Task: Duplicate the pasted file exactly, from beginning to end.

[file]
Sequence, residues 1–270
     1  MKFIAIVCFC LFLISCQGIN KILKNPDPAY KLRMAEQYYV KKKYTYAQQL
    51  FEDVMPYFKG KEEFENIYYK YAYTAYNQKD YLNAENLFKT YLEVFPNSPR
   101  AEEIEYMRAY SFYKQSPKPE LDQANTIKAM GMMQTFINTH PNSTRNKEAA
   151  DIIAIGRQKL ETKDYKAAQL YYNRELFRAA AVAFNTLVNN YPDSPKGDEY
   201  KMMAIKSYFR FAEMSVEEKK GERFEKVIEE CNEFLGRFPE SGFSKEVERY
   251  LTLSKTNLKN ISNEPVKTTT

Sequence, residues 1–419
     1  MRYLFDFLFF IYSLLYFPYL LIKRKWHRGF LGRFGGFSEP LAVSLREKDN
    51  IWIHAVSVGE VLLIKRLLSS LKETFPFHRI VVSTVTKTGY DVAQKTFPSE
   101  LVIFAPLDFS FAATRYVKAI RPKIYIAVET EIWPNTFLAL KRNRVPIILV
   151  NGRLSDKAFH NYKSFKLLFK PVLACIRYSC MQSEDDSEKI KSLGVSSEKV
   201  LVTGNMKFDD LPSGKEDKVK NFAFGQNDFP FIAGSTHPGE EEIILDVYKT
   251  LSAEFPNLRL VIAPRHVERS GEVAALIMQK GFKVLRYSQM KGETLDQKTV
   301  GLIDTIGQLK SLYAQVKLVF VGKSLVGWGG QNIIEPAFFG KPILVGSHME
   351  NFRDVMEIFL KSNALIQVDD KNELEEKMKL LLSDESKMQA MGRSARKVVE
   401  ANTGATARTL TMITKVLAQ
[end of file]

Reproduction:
Sequence, residues 1–270
     1  MKFIAIVCFC LFLISCQGIN KILKNPDPAY KLRMAEQYYV KKKYTYAQQL
    51  FEDVMPYFKG KEEFENIYYK YAYTAYNQKD YLNAENLFKT YLEVFPNSPR
   101  AEEIEYMRAY SFYKQSPKPE LDQANTIKAM GMMQTFINTH PNSTRNKEAA
   151  DIIAIGRQKL ETKDYKAAQL YYNRELFRAA AVAFNTLVNN YPDSPKGDEY
   201  KMMAIKSYFR FAEMSVEEKK GERFEKVIEE CNEFLGRFPE SGFSKEVERY
   251  LTLSKTNLKN ISNEPVKTTT

Sequence, residues 1–419
     1  MRYLFDFLFF IYSLLYFPYL LIKRKWHRGF LGRFGGFSEP LAVSLREKDN
    51  IWIHAVSVGE VLLIKRLLSS LKETFPFHRI VVSTVTKTGY DVAQKTFPSE
   101  LVIFAPLDFS FAATRYVKAI RPKIYIAVET EIWPNTFLAL KRNRVPIILV
   151  NGRLSDKAFH NYKSFKLLFK PVLACIRYSC MQSEDDSEKI KSLGVSSEKV
   201  LVTGNMKFDD LPSGKEDKVK NFAFGQNDFP FIAGSTHPGE EEIILDVYKT
   251  LSAEFPNLRL VIAPRHVERS GEVAALIMQK GFKVLRYSQM KGETLDQKTV
   301  GLIDTIGQLK SLYAQVKLVF VGKSLVGWGG QNIIEPAFFG KPILVGSHME
   351  NFRDVMEIFL KSNALIQVDD KNELEEKMKL LLSDESKMQA MGRSARKVVE
   401  ANTGATARTL TMITKVLAQ